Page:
Rail: There are histories within histories of performance….
Goldberg: That’s why it remains so interesting for me after all these years. How many parallel histories do we need to understand in order to have a grasp of this area called “performance?” Let me count the ways! Dance, film, theater, architecture, music, poetry, graphic design, psychology, and more. These avant-garde “streams” line up side by side; and it is essential to understand how they connect. Whichever historic moment one chooses to examine takes one across a spectrum of disciplines. Mary Wigman or Rudolf Laban are as important to understanding Oskar Schlemmer’s work at the Bauhaus as is the work of Kurt Schwitters or Hindemith; equally Yvonne Rainer, Trisha Brown, Philip Glass, or Meredith Monk, or Eric Bogosian, Robert Longo and Bill T. Jones. And then there are histories within histories as you say, about performance in the seventies, or the eighties or nineties.
Rail: When we talked with Marina Abramovic about how to survive as a performance artist, she pointed out that nobody made any money during the seventies and that even today, in a very bullish art market, she has enormous difficulty putting money together as a performance artist. Her show, “House with an Ocean View” at Sean Kelly two years ago, got a colossal amount of press, which, had she been a painter, would have meant a sold out exhibition, yet as a performer she didn’t sell a single object from that show. She said she might, at a latter date, sell them to a museum.
Goldberg: This is changing for the same reason mentioned earlier—the seventies are now history and museums are finally taking this material into account historically. When the Whitney and Hirshhorn museums present a show of Ana Mendieta or Dia presents a retrospective on Robert Whitman that includes performances, it becomes very obvious to museums that there must be a way to acquire this material for their collections. The generation following Marina, Joan Jonas and others are aware of the videos and photographs of the earlier artists’ work and are building solid objects or images into their performances from the start. John Bock, Patty Chang, Pierre Huyghe, Zhang Huang are all artists who make performances, yet who have created films or photographs that can enter the marketplace as well.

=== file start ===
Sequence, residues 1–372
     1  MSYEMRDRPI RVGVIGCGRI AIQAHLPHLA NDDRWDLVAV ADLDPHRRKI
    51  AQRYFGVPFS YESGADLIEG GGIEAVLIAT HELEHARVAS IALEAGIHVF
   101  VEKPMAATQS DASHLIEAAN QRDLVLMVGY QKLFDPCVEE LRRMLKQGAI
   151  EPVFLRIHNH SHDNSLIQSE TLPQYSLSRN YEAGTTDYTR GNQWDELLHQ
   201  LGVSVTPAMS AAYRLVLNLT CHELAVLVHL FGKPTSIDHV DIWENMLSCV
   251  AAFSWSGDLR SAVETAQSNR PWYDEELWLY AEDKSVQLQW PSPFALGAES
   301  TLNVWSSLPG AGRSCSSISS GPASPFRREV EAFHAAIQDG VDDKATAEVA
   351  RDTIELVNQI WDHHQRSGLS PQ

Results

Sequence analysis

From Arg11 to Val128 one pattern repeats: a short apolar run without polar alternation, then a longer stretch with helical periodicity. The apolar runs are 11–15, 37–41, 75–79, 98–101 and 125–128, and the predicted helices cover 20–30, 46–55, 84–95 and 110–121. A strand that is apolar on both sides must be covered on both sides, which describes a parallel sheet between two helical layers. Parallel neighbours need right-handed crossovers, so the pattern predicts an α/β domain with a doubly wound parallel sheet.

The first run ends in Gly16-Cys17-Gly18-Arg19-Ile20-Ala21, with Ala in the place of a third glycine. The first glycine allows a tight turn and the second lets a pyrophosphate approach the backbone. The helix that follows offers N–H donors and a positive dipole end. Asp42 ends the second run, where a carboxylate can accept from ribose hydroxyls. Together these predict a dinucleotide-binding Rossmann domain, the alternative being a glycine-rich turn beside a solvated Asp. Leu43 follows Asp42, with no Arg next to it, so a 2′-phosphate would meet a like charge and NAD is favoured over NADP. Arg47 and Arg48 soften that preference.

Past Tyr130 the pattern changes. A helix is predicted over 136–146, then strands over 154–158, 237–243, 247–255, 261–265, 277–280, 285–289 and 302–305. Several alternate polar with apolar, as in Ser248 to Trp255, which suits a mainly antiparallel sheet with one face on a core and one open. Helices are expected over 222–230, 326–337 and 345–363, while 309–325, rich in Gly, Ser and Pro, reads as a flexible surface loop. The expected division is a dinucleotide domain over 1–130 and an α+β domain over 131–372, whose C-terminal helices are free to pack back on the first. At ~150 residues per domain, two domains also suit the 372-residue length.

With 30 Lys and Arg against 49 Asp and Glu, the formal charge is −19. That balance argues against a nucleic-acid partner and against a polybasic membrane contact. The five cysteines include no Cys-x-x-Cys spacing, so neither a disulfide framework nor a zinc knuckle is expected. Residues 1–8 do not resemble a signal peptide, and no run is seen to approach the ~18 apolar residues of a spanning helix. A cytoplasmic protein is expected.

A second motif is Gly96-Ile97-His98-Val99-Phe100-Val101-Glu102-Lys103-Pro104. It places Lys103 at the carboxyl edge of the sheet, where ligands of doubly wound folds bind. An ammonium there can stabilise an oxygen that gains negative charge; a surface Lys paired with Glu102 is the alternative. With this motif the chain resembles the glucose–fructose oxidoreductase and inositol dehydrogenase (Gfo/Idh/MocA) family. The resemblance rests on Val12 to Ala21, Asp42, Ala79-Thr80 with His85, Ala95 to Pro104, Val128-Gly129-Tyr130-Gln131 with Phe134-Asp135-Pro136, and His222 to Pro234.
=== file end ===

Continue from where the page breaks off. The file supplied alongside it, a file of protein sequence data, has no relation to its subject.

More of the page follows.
Rail: One thing that interests me about the seventies was the amount of radical experimentation that went on, illegal performances such as those by Istvan Kantor, who I mentioned the last time we talked. How do you curate
material like that?
Goldberg: Such a level of radicalism is instigated by artists themselves. Such work does not need the “permission” of a curator to exist. It would be antithetical to the work to expect institutional funding and support. In fact the entire focus of seventies conceptualism was a critique of the institution, and artists turned their backs on museums. They took off in the opposite direction, downtown to empty parking lots, and happily ignored the uptown establishment. Since the eighties, museums have become cultural palaces for a much broader mainstream, and are more prepared to incorporate performance as an appeal to younger audiences.
Rail: But it’s a difficult mix in terms of a curator or director looking at the influence of such radicalism and knowing that there are artists who work like that today.
Goldberg: You have to separate history from the present tense. It’s possible to tell the story of a revolution in a museum context, in a book, or in a movie; it’s not possible to stage the revolution itself. That comes from “the people.” Curators are caretakers of history. The only aspect of curating performance that could be considered radical is the fact that one is mostly presenting material that one has never seen before. There’s an inherent risk to inviting an artist to present a work that will be seen for the first time at the biennial. But that’s also the beauty of it. One is curating “experiences” and the only sure thing is to expect the unexpected.
Rail: Right, that is what’s exciting about it.
Goldberg: I might see three or four performances in a week in New York and I never have any idea of what I am going to see beforehand. It’s always a surprise because the shape of the work is always different. In theater, on the other hand, you have basic givens.
Rail: I never really thought of it that way but it’s inherent in the medium that there is this surprise effect, almost like printmaking where you can only calculate the outcome, not predict it exactly.
Goldberg: Yes, and that is the challenge to curating performance. How does one put a program together that will still fall off the edge. You can do your best to organize a program, to make things stand upright as it were, but the tendency for such work is to fall over!
Rail: Right. That’s exciting. It takes so much work! And support isn’t easy to muster.
Goldberg: Yes, as a start-up organization, its difficult to get foundation support the first time round, but I’m pretty sure we’ll get it on the second round. It’s an endless process of talking to people, inspiring them by showing them material from this extraordinary history, showing them how different cultural histories fit together. It’s a matter of explaining the content and aesthetics of new work, of showing how performance material, live or in images, can change one’s mind, give one a new way of looking at the world. It might sound sentimental, but it’s all about connecting with people, and participating in a very broad educational process. I’m happy to do this. I love teaching.
Rail: Well, good for you; I’m glad you’re doing that.
Goldberg: How do we turn things around? That’s really what it’s about. That’s the big plan.
Delia Bajo and Brainard Carey